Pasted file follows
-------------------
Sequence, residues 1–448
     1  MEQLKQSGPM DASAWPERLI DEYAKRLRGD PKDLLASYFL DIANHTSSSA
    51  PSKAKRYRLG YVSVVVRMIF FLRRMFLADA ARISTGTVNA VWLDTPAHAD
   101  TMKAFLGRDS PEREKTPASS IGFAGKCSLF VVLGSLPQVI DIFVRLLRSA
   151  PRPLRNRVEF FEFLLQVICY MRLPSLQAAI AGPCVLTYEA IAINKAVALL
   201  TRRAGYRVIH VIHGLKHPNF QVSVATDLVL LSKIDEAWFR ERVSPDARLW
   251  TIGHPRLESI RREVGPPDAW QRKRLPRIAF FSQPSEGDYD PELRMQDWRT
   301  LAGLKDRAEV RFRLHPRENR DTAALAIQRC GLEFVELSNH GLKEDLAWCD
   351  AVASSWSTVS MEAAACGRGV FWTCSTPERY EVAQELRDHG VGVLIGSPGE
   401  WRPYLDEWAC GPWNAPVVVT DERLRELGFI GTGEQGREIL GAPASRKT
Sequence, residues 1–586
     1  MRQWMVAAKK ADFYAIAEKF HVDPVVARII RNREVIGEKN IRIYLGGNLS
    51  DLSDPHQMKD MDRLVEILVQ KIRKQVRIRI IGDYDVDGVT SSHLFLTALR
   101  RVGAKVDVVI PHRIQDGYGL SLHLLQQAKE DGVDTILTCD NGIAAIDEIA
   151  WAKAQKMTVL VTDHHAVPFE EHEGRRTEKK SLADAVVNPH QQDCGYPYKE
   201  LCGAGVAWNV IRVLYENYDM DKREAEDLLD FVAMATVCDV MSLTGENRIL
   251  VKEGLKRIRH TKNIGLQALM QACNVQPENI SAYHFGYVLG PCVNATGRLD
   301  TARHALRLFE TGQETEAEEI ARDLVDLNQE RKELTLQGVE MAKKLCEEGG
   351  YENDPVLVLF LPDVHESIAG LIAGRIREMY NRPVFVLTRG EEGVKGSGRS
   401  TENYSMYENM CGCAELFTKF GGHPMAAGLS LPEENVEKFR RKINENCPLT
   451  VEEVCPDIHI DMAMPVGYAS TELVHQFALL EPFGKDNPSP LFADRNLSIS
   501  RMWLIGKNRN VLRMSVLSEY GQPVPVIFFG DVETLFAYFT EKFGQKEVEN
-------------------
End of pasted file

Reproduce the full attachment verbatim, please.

Sequence, residues 1–448
     1  MEQLKQSGPM DASAWPERLI DEYAKRLRGD PKDLLASYFL DIANHTSSSA
    51  PSKAKRYRLG YVSVVVRMIF FLRRMFLADA ARISTGTVNA VWLDTPAHAD
   101  TMKAFLGRDS PEREKTPASS IGFAGKCSLF VVLGSLPQVI DIFVRLLRSA
   151  PRPLRNRVEF FEFLLQVICY MRLPSLQAAI AGPCVLTYEA IAINKAVALL
   201  TRRAGYRVIH VIHGLKHPNF QVSVATDLVL LSKIDEAWFR ERVSPDARLW
   251  TIGHPRLESI RREVGPPDAW QRKRLPRIAF FSQPSEGDYD PELRMQDWRT
   301  LAGLKDRAEV RFRLHPRENR DTAALAIQRC GLEFVELSNH GLKEDLAWCD
   351  AVASSWSTVS MEAAACGRGV FWTCSTPERY EVAQELRDHG VGVLIGSPGE
   401  WRPYLDEWAC GPWNAPVVVT DERLRELGFI GTGEQGREIL GAPASRKT
Sequence, residues 1–586
     1  MRQWMVAAKK ADFYAIAEKF HVDPVVARII RNREVIGEKN IRIYLGGNLS
    51  DLSDPHQMKD MDRLVEILVQ KIRKQVRIRI IGDYDVDGVT SSHLFLTALR
   101  RVGAKVDVVI PHRIQDGYGL SLHLLQQAKE DGVDTILTCD NGIAAIDEIA
   151  WAKAQKMTVL VTDHHAVPFE EHEGRRTEKK SLADAVVNPH QQDCGYPYKE
   201  LCGAGVAWNV IRVLYENYDM DKREAEDLLD FVAMATVCDV MSLTGENRIL
   251  VKEGLKRIRH TKNIGLQALM QACNVQPENI SAYHFGYVLG PCVNATGRLD
   301  TARHALRLFE TGQETEAEEI ARDLVDLNQE RKELTLQGVE MAKKLCEEGG
   351  YENDPVLVLF LPDVHESIAG LIAGRIREMY NRPVFVLTRG EEGVKGSGRS
   401  TENYSMYENM CGCAELFTKF GGHPMAAGLS LPEENVEKFR RKINENCPLT
   451  VEEVCPDIHI DMAMPVGYAS TELVHQFALL EPFGKDNPSP LFADRNLSIS
   501  RMWLIGKNRN VLRMSVLSEY GQPVPVIFFG DVETLFAYFT EKFGQKEVEN